John and Diana are traveling around the country with a 37-foot RV and an 18-year-old cat. This is their story.
Tuesday, September 3, 2013
Touring around Silverton, Oregon
We have been quite busy in this area the past week, However I will still try to wrap it all up in this one posting. John was quite determined to see the Spruce Goose while we were here. The wooden plane built in the 1940s is located in a town near here, McMinnville, Oregon. Howard Hughes preferred to call his plane the Flying Boat, he considered thenickname a bit silly- after all, it was made of birch, not spruce! The plane was designed for trans-Atlantic flight during WWII to avoid the German submarines that were sinking Allied ships. The largest wood-constructed plane to be built, it was to carry material goods and troops. However, it was not ready for flight until the war was over, so it only flew one mile over Long Beach Harbor, in 1947. It sat in moth balls for 33 years, in 1988 it was moved to the Evergreen Aviation and Space Museum. Pictured below is the inside of the plane, looking toward the tail. The beach balls were used for flotation in wing floats.
Three years ago when we visited Silverton we did go to Silver Falls State Park. However, because it was quite a cool day in April then, we only saw one of the ten falls which are in the park. The Trail of Ten Falls is an eight-mile hiking path which passes by and under some very stunning waterfalls of the north and south forks of Silver Creek. According to the park's brochure, Silver Falls is a temperate rainforest, an average of 80 inches of rain falls yearly. We found the trail to be quite wet and even muddy in some places. Ferns are thick along the trail and moss heavily covers every tree. John and I did about 5 miles of the trail and missed two of the falls. The trail was quite exhausting as it involved a lot of elevation change. We went down the canyon of the south fork and up the canyon of the north fork of the creek. At Middle North Falls, as well as at South Falls, there is a short trail which took us behind the waterfalls.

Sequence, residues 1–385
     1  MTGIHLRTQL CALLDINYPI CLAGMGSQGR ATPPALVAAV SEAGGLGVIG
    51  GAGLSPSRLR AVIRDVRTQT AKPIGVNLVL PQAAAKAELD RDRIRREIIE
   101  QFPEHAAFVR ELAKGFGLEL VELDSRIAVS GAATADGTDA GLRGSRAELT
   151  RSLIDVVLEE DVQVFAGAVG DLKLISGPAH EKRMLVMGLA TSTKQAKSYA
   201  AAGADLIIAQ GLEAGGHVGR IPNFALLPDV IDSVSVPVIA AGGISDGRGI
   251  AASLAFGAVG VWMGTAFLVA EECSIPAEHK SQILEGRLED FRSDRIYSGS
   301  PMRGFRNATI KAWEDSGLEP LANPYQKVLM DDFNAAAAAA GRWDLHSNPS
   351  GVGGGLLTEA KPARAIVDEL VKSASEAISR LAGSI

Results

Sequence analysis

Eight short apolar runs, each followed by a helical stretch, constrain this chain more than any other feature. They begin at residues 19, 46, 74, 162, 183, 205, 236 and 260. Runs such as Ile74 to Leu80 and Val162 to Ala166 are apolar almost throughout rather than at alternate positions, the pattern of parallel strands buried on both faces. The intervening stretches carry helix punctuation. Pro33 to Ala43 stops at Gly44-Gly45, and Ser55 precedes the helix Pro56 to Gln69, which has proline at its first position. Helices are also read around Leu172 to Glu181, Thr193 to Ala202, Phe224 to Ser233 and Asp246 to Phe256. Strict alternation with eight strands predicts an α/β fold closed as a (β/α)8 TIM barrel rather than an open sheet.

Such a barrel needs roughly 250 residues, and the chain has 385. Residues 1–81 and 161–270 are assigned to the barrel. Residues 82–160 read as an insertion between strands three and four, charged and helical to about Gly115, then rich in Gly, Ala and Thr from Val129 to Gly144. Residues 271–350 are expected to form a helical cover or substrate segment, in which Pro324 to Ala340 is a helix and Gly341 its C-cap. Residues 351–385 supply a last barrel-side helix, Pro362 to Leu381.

Another place we revisited while in Silverton was the Oregon Gardens. There is a partnership with the city and the Garden in that the latter's wetlands cool the town's treated wastewater. In the wetlands of the garden the water flows through a series of ponds. Pictured below is one of the Garden's sculptures called Lupine Fugue. The artist created the steel structures to replicate the form of the native lupine flower.
In the Oregon Garden there are twenty different themed gardens. At the Silverton Market Garden can be found many of Oregon's agricultural products. Ripening now are grapes, hops and apples. Buried behind the beautiful daisies pictured below are grapes ripening on the vine.
One of the wonderful features of the garden is its conifer garden. It has one of the largest collection of miniature conifers in the country. Pictured below is a western hemlock. It is draped over quite an imaginative sculpture titled Thorsen's Weeping. Today we are moving to the coast of Oregon.